Caregivers of and those who are in contact with individuals at risk, including healthcare personnel and household contacts and caregivers of children younger than 5 years or individuals with medical conditions linked to increased risk for severe complications from influenza.
Vaccine Component Changes
For the 2020 – 2021 influenza season, trivalent and quadrivalent vaccines will update the influenza A(H1N1)pdm09, influenza A(H3N2), and influenza B/Victoria lineage components. Quadrivalent vaccines will also contain a second influenza B virus component from the B/Yamagata lineage, which is the same as that used during the previous influenza season.
For US egg-based influenza vaccines — cell culture–based inactivated vaccine (ccIIV4) and RIV4 — hemagglutinin (HA) will come from an influenza A/Guangdong-Maonan/SWL1536/2019 (H1N1)pdm09-like virus, an influenza A/Hong Kong/2671/2019 (H3N2)-like virus, and an influenza B/Washington/02/2019 (Victoria lineage)-like virus. Quadrivalent egg-based vaccines will also contain an influenza B/Phuket/3073/2013 (Yamagata lineage)-like virus.
For US cell culture–based inactivated (ccIIV4) and RIV4 vaccines, HA will come from an influenza A/Hawaii/70/2019 (H1N1)pdm09-like virus, an influenza A/Hong Kong/45/2019 (H3N2)-like virus, an influenza B/Washington/02/2019 (Victoria lineage)-like virus, and an influenza B/Phuket/3073/2013 (Yamagata lineage)-like virus.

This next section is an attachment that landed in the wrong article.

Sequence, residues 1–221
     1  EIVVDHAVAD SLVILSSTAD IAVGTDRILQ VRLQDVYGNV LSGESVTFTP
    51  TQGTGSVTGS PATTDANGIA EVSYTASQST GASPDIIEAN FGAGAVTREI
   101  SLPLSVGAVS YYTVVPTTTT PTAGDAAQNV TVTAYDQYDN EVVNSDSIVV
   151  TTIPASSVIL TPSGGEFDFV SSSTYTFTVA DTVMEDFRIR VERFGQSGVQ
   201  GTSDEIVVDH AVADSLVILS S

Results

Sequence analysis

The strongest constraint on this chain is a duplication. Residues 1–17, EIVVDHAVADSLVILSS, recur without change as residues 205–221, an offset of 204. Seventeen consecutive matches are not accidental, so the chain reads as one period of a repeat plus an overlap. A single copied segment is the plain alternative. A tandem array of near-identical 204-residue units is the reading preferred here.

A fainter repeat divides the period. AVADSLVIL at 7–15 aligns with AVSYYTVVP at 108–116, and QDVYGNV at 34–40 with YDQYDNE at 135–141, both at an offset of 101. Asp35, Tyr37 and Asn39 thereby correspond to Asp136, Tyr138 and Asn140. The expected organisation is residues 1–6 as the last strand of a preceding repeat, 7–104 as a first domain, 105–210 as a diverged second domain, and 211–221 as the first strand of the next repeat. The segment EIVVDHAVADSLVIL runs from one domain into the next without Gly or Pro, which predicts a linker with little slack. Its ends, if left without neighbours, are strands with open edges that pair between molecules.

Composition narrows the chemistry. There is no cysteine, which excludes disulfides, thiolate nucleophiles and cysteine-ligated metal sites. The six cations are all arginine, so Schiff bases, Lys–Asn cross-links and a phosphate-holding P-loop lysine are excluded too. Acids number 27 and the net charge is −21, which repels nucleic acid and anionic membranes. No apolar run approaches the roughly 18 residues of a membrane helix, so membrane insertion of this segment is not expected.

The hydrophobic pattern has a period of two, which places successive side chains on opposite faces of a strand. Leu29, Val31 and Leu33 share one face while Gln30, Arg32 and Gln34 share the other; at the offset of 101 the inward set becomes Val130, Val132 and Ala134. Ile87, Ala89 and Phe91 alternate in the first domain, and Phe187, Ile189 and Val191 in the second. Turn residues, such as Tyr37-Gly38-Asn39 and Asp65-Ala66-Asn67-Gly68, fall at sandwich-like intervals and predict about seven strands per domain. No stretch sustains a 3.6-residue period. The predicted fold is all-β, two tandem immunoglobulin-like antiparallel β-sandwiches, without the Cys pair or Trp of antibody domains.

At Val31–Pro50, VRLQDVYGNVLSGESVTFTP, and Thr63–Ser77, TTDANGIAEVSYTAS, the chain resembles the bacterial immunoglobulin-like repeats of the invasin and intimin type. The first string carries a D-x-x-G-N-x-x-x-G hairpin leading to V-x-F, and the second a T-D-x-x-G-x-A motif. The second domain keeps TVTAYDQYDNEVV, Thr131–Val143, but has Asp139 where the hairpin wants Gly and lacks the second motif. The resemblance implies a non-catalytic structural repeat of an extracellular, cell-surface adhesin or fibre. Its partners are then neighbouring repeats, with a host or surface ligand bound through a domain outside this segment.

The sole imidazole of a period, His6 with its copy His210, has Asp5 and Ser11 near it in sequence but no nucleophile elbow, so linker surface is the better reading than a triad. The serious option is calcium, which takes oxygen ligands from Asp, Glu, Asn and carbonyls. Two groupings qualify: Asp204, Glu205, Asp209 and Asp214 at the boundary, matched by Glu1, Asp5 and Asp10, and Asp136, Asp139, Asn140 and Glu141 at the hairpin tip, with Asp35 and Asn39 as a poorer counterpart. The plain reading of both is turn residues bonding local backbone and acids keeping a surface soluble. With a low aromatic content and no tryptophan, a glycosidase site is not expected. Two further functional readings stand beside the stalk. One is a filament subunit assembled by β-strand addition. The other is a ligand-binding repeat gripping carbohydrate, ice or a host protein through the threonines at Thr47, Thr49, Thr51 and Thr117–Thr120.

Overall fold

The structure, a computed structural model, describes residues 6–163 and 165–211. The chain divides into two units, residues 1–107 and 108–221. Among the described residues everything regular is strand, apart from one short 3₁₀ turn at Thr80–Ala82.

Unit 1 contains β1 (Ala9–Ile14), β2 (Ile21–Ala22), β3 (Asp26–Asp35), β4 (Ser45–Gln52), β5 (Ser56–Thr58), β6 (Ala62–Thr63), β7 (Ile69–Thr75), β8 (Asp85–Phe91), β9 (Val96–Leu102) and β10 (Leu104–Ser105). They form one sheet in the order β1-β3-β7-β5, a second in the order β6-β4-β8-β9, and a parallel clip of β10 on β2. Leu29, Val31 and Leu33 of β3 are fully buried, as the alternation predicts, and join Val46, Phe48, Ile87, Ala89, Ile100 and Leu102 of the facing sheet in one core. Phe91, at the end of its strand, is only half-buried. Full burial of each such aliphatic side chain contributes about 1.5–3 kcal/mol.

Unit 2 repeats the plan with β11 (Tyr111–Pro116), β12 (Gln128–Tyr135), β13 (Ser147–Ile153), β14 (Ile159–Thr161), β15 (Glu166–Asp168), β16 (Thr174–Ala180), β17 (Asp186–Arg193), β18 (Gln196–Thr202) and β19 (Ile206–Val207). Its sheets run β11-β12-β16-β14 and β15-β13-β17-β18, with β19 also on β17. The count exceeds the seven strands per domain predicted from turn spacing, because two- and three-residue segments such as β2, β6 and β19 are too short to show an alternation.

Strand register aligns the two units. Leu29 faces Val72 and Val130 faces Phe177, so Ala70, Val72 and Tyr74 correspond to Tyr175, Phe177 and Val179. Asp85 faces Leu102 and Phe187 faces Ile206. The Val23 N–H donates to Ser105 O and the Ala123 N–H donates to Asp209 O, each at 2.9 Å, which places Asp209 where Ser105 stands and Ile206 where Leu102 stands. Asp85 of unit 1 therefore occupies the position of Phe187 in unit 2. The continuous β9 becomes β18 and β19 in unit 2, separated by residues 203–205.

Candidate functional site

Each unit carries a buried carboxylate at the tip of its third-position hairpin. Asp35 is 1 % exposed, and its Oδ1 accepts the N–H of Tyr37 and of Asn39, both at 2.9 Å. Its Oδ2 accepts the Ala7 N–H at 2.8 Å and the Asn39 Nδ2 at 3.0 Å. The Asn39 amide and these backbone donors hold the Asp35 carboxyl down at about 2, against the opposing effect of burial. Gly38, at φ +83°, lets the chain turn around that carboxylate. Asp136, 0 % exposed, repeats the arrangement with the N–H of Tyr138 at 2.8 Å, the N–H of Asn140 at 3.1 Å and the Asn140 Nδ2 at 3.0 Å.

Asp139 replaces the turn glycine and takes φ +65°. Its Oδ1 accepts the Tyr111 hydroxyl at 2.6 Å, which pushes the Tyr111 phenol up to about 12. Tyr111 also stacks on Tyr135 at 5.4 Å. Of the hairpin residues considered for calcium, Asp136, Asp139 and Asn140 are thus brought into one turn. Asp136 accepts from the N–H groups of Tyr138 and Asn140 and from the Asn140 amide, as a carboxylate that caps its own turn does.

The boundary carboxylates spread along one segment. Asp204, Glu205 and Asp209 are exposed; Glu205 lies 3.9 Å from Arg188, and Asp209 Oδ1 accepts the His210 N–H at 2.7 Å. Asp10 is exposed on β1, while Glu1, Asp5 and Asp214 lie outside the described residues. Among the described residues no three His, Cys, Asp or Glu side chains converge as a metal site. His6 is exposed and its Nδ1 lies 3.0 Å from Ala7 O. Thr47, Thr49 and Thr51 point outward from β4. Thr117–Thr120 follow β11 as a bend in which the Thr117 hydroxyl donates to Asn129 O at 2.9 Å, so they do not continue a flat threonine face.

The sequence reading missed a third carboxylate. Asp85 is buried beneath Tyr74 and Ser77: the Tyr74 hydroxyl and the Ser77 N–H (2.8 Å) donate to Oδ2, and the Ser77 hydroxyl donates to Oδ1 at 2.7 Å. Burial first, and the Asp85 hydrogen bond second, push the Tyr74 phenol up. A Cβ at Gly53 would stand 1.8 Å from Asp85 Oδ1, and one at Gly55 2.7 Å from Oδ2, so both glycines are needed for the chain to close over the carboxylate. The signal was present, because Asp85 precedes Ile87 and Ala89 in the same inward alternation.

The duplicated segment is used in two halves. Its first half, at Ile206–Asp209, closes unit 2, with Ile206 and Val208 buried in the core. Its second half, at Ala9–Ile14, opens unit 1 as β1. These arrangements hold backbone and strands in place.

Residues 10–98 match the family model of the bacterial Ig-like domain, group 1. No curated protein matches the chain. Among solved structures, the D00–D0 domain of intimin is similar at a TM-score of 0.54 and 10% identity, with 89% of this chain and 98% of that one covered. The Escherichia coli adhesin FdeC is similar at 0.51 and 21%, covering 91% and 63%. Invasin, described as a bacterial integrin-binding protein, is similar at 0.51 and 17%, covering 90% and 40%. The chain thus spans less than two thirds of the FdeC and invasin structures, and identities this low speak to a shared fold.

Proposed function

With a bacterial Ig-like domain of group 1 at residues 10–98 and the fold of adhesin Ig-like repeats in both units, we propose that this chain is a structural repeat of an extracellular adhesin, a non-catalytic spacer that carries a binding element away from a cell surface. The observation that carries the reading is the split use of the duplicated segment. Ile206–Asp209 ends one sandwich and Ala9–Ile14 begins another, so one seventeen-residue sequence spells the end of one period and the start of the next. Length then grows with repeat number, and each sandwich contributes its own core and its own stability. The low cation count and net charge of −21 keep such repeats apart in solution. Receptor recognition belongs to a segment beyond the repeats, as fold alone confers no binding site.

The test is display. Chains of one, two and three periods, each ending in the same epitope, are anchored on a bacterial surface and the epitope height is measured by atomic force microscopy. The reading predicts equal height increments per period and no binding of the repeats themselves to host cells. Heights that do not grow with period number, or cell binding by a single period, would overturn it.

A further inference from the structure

Two new influenza vaccines have been licensed this season. The US Food and Drug Administration (FDA) approved Fluzone High-Dose Quadrivalent (HD-IIV4) in November 2019 for individuals aged 65 years and older; it will likely replace Fluzone High-Dose (HD-IIV3) trivalent vaccine. The dose volume is higher for the quadrivalent (0.7 mL) formulation than for the trivalent (0.5 mL) vaccine, and both formulations contain four times the amount of HA per vaccine than the standard-dose inactivated influenza vaccines (60 μg per virus, vs 15 μg in standard-dose IIVs).
In addition, the FDA approved Fluad Quadrivalent (aIIV4) in February 2020. It is approved for individuals aged 65 years and older. Both the quadrivalent formulation and the previously licensed trivalent formulation will likely be available for the 2020 – 2021 influenza season. Both formulations contain the adjuvant MF59.
Information on contraindications and precautions regarding the use of LAIV4 will now include “anatomic and functional asplenia; active communication between the cerebrospinal fluid (CSF) and oropharynx, nasopharynx, nose, or ear or any other cranial CSF leak; and cochlear implant.”
For persons who have a history of severe allergic reaction to egg, the committee recommends that additional measures be taken, such as supervision of vaccination by a healthcare provider capable of identifying and managing severe allergic reactions, but only for patients who are receiving a vaccine other than ccIIV4 or RIV4.
Additional information about influenza vaccines is available on the CDC’s website.
Morb Mortal Wkly Rep. Published online August 20, 2020. Full text
Troy Brown is an award-winning Medscape contributor with a special interest in infectious diseases, women’s health, and pediatrics.